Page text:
A study by scientists has discovered that therapeutic exercise does not harm articular cartilage of the knee in people with osteoarthritis, a leading cause of disability worldwide associated with pain, impaired mobility and quality of life. It may, in fact, benefit articular cartilage.
Many patients who have these debilitating symptoms because of hip arthritis will elect to undergo total hip replacement surgery. However, total hip replacement is not without its own risks and concerns, and therefore many patients wonder if there are alternatives to hip replacement.
Having healthy gut flora—the trillions of bacteria housed in our intestines—could lower the risk of infection following knee and hip replacement surgeries, while an unhealthy intestinal flora may increase the risk of infection.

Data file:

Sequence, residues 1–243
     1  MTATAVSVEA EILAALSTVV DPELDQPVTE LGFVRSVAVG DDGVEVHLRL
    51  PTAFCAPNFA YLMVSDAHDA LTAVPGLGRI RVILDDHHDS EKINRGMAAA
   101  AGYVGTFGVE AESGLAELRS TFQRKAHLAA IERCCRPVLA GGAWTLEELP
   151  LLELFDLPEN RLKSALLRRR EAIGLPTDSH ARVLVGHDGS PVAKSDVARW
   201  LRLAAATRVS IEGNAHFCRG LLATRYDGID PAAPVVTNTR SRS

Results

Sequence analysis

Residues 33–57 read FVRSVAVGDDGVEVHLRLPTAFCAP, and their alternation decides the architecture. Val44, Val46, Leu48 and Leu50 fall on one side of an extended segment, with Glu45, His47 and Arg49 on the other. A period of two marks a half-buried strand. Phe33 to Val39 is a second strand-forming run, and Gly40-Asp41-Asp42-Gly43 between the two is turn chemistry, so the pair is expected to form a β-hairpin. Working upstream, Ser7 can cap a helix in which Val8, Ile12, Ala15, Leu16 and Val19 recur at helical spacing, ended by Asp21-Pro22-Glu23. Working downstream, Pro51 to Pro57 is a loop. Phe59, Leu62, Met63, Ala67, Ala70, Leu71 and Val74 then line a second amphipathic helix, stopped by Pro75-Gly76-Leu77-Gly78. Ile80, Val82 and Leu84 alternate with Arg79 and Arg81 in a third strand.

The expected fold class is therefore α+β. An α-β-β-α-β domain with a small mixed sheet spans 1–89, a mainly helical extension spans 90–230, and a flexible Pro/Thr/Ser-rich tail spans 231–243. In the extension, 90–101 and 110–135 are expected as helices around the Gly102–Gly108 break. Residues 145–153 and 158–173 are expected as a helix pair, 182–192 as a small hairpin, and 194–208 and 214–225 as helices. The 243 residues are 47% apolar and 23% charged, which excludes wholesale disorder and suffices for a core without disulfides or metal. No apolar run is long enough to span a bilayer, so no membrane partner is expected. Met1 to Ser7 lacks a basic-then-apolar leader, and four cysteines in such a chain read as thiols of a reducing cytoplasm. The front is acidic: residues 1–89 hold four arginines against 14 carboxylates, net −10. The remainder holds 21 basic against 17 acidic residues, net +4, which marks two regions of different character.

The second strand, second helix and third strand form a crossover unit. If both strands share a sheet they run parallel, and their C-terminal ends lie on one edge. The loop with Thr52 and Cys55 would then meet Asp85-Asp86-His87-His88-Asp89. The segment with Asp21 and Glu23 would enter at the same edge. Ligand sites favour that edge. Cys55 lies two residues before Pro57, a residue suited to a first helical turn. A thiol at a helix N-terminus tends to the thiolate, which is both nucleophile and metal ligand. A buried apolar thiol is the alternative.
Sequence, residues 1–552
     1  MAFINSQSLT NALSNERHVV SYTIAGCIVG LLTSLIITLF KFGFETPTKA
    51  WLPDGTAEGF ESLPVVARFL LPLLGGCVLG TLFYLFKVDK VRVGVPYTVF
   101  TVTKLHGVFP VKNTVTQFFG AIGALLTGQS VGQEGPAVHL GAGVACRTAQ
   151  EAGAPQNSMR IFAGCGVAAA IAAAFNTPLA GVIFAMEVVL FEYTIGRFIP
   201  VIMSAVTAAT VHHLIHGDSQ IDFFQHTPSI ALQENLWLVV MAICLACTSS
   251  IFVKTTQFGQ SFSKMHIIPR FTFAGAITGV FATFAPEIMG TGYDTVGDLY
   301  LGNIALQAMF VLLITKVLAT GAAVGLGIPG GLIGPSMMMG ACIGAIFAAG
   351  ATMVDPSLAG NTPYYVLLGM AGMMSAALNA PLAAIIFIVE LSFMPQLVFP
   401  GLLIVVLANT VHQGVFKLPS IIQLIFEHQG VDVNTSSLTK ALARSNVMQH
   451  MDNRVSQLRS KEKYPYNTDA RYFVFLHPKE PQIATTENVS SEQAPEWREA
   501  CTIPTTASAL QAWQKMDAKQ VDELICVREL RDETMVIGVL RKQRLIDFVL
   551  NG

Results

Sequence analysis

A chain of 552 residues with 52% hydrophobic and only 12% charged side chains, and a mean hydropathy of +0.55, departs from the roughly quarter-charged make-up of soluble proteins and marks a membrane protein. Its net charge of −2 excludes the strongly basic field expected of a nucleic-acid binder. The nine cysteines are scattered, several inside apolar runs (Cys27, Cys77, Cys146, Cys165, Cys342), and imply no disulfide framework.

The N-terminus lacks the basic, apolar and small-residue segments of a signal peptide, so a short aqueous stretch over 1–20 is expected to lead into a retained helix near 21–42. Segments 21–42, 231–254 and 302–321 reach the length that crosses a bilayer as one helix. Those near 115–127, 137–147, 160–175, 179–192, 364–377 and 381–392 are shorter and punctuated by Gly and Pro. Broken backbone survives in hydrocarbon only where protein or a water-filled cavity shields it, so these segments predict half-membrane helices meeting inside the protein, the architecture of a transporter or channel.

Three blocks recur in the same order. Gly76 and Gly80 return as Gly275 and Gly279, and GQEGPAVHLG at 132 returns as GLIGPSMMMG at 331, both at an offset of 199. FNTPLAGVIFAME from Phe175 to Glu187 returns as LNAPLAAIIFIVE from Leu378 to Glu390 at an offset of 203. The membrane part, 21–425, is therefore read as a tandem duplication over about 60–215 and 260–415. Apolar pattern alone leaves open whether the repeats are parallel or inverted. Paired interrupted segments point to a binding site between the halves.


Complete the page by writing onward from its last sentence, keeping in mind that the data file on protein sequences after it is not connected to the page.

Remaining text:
Patients over age 50 who underwent an all inside arthroscopic repair technique had lower rates of subsequent total knee surgery than a similar group that was only observed, according to research presented at the American Orthopedic Society of Sports Medicine Annual Meeting today.
The debate over how one of the most popular osteoarthritis treatments should be federally regulated could change, thanks to a Cornell University study and a new device that provides a better understanding of the science behind hyaluronic acid (HA) injections.